Commissioned in the Field Artillery, where he briefly served, Max made a branch transfer to Military Intelligence, which seemed more fitting to his IQ. The transfer, no doubt, fit his well-honed analytical prowess and assuaged the need to help others see the same justice in the “facts” as he saw them, this trait of sharing his well-considered opinions was the source of great angst in the fog of the Vietnam War, where Max served two tours in Military Intelligence in the field, earning a Combat Infantryman Badge and three Bronze Stars.

Between tours in Vietnam and after earning a master’s degree in political science from Ohio State University, he returned to West Point to teach social sciences, and it was here that Max developed the idea to create the USCC Pipe and Drum Corps, which became and remains an integral part of the Academy today. The group has traveled and performed in a variety of venues and performs in the Battle of the Pipe and Drum Bands on the day prior to the annual Army-Navy Game.

Upon his return from his second tour as an advisor to the 109th Military Intelligence Group in Vietnam’s contentious and corrupt Phong Dinh province, Max’s unrecognized and emotional combat wounds overcame his ability to function, and he was medically retired in 1973 as a major with one of the earliest cases of Post-Traumatic Stress Disorder (PTSD). After leaving the military, he worked as an account executive at the NYSE with Merrill-Lynch, as an analyst for the Congressional Research Service, as a research historian for TRADOC, and as dean of the Villa Oasis School in AZ, among other ventures. During this period, Max wrote and distributed to a limited list a quarterly “newsletter” that enumerated his disillusionment with the flourishing careerism within the military’s officer ranks and rampant corruption that he observed in the native military and civilian leaders while in Vietnam.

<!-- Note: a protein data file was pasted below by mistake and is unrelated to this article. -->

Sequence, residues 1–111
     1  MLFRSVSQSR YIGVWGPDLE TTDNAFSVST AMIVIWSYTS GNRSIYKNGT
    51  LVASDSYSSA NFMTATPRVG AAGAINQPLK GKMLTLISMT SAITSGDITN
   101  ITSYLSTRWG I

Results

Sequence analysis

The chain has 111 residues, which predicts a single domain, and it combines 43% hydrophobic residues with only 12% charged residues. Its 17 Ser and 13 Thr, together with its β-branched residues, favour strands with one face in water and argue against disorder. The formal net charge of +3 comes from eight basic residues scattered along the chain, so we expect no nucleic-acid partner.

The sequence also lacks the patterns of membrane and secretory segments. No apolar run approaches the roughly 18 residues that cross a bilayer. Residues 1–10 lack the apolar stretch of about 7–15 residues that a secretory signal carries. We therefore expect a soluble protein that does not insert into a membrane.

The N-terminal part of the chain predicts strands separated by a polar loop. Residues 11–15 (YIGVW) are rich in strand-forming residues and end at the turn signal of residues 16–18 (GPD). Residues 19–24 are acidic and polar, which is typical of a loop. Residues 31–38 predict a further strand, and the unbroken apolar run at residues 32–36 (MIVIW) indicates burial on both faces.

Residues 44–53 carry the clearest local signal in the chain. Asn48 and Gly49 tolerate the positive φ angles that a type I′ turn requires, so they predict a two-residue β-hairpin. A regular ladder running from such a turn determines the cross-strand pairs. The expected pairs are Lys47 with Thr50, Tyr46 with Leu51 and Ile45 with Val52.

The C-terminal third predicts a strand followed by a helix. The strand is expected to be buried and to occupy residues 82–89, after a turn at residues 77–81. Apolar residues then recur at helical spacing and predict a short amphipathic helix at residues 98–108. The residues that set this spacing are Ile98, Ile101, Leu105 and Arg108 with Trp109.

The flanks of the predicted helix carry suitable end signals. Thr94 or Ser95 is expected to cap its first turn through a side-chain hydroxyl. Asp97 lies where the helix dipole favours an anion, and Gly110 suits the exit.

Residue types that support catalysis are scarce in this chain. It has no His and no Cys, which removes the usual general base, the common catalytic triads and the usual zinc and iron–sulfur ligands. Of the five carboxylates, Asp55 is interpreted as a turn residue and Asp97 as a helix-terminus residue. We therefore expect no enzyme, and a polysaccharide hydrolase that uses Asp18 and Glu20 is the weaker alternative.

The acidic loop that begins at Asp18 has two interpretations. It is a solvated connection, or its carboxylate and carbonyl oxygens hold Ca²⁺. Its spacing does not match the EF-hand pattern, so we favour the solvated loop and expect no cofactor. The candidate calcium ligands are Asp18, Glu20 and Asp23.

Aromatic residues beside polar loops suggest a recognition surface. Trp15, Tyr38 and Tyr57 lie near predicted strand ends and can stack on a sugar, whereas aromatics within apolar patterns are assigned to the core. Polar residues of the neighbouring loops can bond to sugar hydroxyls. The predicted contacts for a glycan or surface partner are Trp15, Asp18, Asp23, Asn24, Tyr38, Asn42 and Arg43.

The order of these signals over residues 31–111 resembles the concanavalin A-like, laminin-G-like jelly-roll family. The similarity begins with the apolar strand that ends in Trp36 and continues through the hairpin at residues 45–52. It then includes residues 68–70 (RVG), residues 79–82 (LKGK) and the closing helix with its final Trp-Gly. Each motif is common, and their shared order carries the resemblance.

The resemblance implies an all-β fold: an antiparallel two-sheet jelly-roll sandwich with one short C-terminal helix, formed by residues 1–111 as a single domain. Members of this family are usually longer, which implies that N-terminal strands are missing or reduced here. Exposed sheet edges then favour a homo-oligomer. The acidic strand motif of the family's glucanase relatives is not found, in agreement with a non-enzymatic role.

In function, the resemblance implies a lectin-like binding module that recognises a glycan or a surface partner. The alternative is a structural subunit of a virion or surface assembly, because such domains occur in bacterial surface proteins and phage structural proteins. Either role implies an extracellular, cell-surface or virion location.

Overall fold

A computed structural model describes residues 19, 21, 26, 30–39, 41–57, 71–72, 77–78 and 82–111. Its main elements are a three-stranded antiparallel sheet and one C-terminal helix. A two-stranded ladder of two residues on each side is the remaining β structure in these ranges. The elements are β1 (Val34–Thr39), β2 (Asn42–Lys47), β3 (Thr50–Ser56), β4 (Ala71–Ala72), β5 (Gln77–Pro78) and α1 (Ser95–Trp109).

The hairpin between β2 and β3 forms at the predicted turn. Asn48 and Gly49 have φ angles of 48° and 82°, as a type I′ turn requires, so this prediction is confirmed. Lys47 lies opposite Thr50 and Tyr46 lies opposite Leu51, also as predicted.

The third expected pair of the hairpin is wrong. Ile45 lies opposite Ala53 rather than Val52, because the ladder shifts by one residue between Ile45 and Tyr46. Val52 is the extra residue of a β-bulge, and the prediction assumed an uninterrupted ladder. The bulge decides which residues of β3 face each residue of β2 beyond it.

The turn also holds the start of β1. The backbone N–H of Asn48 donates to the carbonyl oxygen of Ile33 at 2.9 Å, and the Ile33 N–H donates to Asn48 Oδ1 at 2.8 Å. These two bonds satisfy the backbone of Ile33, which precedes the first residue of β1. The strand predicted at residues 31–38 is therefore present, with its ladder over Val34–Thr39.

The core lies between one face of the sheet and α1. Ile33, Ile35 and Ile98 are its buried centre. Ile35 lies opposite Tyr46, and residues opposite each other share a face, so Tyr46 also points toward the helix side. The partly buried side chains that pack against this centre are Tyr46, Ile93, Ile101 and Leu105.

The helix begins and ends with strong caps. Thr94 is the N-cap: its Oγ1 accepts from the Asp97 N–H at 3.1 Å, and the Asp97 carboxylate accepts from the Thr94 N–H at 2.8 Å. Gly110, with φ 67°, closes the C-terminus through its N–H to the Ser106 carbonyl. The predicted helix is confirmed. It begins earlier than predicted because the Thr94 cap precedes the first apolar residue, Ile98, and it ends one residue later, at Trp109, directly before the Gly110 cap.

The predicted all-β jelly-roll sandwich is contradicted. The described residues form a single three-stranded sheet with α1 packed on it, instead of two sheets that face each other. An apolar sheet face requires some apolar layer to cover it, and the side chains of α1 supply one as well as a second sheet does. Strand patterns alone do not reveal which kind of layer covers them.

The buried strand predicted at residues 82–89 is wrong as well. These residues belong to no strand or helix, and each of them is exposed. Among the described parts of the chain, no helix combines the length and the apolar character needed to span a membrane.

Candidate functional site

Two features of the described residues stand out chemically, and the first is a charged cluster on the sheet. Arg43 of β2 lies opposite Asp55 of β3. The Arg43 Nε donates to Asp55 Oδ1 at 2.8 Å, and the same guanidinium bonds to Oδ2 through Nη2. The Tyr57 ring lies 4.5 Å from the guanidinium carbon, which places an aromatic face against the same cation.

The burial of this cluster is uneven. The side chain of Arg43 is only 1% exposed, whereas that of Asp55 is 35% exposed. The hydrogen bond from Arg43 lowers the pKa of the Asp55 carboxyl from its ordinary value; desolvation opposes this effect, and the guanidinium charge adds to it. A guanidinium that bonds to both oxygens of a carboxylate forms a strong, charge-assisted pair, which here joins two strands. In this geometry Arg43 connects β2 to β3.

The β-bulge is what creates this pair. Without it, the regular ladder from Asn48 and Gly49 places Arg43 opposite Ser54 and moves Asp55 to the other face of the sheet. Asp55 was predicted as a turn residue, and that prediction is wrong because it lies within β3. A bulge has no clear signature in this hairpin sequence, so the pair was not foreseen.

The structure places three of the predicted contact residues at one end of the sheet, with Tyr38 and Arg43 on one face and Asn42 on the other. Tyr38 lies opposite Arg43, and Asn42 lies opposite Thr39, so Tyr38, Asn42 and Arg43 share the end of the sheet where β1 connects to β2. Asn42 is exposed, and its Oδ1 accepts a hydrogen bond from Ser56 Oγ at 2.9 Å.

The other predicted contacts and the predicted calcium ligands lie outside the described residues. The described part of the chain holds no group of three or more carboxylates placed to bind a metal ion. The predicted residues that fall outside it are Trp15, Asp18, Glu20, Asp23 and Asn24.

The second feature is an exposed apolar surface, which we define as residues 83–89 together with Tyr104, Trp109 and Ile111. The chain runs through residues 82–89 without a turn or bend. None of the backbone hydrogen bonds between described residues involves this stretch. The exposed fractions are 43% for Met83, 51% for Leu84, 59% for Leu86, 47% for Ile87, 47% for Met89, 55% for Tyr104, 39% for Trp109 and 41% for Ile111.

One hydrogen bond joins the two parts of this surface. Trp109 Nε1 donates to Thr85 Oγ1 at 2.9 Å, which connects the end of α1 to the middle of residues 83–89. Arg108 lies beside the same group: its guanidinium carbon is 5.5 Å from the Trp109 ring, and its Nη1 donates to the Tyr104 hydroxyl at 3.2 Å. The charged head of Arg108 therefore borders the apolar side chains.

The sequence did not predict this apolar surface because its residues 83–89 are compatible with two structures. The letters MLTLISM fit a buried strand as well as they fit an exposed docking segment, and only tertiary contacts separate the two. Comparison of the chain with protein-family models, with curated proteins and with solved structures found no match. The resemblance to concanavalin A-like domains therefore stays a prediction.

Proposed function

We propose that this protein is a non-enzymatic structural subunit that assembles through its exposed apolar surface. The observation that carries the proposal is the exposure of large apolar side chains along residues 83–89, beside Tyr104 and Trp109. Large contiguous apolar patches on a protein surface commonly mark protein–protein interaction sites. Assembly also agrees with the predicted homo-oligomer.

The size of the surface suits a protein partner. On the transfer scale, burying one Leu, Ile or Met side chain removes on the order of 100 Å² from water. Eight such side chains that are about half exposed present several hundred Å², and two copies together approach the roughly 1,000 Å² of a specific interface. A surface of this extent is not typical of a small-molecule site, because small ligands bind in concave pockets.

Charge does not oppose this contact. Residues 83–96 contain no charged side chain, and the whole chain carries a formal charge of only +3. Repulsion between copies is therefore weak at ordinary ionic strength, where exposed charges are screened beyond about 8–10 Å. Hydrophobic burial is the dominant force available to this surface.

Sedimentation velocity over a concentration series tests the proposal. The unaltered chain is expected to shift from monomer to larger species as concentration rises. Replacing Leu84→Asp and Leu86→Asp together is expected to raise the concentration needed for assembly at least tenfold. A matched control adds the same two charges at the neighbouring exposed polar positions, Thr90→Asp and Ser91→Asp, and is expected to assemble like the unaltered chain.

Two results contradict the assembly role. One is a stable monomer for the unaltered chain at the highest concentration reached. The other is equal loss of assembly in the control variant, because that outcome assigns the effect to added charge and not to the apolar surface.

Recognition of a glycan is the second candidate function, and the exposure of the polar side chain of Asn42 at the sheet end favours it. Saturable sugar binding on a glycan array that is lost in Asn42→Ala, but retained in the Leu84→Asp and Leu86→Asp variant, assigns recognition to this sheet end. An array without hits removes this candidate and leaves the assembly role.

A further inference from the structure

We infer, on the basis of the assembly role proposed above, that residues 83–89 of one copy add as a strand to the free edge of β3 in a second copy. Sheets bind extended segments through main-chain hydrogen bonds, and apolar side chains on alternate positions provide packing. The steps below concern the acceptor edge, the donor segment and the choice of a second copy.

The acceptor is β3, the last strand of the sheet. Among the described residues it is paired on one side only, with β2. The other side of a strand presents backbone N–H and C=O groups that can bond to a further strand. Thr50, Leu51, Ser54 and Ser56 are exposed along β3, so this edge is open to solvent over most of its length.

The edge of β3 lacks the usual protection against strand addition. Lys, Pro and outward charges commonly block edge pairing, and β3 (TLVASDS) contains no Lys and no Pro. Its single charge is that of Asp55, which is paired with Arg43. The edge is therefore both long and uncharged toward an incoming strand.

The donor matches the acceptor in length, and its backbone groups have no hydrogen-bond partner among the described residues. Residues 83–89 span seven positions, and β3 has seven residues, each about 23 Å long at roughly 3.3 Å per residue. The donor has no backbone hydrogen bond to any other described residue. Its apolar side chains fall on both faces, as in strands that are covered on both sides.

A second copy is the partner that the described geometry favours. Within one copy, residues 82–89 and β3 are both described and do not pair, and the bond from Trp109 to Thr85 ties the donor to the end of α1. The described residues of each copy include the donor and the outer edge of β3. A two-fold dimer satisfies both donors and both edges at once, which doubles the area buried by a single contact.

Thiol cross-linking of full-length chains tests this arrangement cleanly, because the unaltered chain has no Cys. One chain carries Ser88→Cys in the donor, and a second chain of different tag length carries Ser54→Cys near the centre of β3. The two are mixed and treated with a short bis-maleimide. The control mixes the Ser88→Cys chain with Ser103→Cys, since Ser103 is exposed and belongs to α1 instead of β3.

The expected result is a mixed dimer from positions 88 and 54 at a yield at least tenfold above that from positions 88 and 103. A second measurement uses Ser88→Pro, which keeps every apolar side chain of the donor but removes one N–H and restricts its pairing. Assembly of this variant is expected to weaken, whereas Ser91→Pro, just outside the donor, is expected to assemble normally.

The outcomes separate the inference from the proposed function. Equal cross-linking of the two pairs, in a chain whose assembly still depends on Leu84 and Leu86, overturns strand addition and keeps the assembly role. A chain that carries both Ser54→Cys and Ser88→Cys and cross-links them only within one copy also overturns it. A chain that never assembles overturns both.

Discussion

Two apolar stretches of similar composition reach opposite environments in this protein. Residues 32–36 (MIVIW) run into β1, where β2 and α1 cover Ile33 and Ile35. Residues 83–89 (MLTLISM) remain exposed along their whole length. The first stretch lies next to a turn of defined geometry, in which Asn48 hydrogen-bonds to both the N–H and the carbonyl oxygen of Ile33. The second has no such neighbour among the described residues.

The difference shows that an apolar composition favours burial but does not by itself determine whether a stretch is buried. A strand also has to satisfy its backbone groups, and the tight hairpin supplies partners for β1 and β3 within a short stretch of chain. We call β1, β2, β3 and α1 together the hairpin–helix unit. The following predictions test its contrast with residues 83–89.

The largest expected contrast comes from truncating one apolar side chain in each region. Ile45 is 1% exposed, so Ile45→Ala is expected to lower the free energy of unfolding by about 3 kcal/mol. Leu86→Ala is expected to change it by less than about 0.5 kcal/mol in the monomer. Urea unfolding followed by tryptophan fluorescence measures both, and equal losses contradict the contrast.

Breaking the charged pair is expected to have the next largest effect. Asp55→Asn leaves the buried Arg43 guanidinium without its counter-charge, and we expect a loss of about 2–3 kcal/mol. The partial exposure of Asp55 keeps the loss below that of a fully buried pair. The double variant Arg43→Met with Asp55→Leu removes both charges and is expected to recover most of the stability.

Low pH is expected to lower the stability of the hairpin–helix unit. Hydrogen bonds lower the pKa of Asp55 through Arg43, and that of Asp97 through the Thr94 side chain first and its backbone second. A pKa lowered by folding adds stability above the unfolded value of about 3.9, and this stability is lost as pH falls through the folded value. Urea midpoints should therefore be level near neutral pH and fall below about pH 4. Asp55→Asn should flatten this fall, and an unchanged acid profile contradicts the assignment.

His greatest skill set, teaching, brought him to Fort Bragg, NC in 1990 as an archivist for the JKF Special Warfare Center School. There, in Fayetteville, he fathered two children, Diana and Robert and lived out his years.

Max’s happiest time were his cadet years. He was proud to have been a cadet and an officer, but the Army itself and the execution of the Vietnam War disappointed him in its lack of clarity in defining an obtainable objective. In the end, he could not square the mission with what he had been taught and in which he firmly believed. Max was wounded in Vietnam as severely as those hit with shrapnel. He could neither articulate nor express the outrage he felt with our institutional moral failures and lacked the capacity to heal his own wounds. Max was a sensitive and astute old soul with a penetrating intellect and probing curiosity who served his country and his conscience in difficult times. Max with the facts just may have been a man who knew too much. He died in 1994 in Fayetteville, NC at age 54 and is interred at West Point.

— Ken Hruby, Jack Fischer, Joe Maio and John Purdy ’61 roommates